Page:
A mere four years ago, for example, Americans celebrated the rise of two hope-filled post-racial stars: District of Columbia Mayor Adrian Fenty and Newark's Mayor Cory Booker. Each was touted as a young, energetic, post-civil-rights-era savior in the mold of then-Sen. Obama.What the article does not state is that Adrian Fenty lost to another black man, Vincent C. Gray. When one black man beats another black man in a Mayoral race, it's rather odd, without including more data, to conclude that skin color was a factor in the political race. Individual candidate race holds no predictive power in a simple regression (there is no variance in candidate race).
Multiracial coalitions of voters elected them both. Each managed to transcend race-based politics and make gains worthy of national praise regarding schools, crime, housing, economic developing and other issues that are either nonracial or should be.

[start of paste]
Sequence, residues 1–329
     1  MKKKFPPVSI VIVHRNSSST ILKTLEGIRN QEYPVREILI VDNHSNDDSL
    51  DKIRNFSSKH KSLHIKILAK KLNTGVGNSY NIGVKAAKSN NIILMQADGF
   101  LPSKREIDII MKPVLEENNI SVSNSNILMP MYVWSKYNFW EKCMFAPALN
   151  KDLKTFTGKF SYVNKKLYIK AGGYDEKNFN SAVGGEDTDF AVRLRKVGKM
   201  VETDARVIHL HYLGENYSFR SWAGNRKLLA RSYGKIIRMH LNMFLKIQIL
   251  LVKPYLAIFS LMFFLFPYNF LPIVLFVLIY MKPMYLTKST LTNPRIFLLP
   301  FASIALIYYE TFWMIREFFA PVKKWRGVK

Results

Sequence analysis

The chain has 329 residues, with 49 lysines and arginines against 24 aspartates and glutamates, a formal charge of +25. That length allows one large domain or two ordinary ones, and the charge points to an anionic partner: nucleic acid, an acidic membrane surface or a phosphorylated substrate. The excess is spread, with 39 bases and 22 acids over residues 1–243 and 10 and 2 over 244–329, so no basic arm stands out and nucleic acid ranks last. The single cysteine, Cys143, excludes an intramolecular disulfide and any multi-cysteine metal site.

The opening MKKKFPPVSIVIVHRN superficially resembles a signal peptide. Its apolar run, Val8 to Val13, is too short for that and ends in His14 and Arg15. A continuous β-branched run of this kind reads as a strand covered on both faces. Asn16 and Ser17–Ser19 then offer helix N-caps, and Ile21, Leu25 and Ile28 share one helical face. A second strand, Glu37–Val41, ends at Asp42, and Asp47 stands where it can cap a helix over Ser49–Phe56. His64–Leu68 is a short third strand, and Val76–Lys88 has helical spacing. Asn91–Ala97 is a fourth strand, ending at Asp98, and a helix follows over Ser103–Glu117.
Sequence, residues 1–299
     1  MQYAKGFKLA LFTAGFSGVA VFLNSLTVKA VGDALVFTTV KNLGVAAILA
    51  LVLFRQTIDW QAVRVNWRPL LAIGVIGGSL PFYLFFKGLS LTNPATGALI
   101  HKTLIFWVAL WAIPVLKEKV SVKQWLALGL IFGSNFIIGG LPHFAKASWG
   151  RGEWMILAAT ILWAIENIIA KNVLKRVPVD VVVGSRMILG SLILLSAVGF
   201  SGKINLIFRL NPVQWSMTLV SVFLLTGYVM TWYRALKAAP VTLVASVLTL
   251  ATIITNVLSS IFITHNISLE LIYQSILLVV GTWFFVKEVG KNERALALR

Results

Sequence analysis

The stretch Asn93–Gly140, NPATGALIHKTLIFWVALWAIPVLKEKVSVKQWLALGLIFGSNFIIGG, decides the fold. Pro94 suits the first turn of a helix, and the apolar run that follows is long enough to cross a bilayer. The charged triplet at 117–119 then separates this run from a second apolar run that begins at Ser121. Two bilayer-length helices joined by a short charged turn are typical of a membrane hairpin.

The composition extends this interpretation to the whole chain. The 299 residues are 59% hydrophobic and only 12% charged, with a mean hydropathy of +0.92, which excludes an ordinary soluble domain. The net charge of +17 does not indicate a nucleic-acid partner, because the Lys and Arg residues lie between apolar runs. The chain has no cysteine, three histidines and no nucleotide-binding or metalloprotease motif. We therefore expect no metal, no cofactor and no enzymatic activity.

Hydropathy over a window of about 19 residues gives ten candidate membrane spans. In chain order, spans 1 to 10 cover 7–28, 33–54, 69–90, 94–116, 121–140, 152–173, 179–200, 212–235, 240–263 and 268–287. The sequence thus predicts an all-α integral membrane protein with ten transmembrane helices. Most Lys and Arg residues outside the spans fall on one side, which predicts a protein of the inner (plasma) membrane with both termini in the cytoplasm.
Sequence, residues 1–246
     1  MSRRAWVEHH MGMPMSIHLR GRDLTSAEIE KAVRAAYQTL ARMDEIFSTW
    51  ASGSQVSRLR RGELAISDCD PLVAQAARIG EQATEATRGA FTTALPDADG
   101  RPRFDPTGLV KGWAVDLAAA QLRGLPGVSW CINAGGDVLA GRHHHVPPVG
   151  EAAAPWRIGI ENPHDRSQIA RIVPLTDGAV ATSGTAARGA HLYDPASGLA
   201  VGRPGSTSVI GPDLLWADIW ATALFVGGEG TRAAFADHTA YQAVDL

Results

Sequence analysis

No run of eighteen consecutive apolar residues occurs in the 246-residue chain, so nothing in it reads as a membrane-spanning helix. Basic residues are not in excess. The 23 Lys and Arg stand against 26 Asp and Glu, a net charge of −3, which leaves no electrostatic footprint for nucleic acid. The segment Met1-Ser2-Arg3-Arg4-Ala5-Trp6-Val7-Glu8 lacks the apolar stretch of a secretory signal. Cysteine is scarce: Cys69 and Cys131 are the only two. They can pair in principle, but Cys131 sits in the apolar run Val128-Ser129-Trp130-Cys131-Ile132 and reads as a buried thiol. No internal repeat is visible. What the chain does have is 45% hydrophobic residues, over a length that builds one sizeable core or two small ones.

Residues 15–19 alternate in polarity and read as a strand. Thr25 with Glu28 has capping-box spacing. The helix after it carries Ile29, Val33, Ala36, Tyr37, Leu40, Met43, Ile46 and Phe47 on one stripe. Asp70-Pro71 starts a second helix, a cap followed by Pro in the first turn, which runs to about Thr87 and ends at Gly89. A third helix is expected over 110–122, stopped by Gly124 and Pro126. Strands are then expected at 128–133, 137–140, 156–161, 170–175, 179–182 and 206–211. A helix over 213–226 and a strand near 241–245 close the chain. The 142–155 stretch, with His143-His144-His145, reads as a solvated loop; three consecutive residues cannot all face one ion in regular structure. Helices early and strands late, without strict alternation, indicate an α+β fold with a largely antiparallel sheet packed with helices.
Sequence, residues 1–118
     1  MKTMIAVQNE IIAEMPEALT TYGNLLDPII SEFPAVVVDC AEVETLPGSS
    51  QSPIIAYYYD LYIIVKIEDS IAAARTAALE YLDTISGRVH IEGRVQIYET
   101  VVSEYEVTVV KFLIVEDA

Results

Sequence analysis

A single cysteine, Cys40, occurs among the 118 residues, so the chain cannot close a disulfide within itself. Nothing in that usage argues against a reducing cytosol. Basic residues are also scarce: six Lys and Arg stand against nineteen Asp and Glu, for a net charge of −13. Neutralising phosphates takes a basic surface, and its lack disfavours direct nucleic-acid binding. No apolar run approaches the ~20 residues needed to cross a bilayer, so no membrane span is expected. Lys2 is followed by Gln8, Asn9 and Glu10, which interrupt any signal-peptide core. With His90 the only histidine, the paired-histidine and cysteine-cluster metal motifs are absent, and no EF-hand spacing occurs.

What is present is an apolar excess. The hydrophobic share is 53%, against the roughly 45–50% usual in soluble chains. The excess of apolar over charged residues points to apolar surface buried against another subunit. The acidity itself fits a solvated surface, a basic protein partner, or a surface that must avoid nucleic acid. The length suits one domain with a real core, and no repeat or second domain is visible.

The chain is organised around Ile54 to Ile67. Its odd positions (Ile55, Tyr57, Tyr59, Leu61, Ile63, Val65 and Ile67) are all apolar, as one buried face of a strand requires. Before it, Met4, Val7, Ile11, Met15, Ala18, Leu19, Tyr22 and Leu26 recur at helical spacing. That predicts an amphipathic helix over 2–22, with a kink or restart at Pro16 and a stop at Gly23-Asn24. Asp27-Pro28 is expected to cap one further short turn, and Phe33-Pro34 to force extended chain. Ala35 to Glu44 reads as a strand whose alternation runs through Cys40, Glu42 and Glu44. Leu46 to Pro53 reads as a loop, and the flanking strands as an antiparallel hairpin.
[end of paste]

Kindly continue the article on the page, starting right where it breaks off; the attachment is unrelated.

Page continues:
Yet despite those successes, Fenty was voted out of office on Sept. 14. White voters still supported him almost two-to-one, but black voters in the majority-black city turned on him by a similarly wide margin.
Friday, September 24, 2010
Post-racial officials finding it's difficult to hold gains
Houston Chronicle article "Post-racial officials finding it's difficult to hold gains" (September 23rd, 2010) concludes that "black is black, white is white," and denotes the end of post-racial relations. Corrections suggests it gives little data for its conclusion.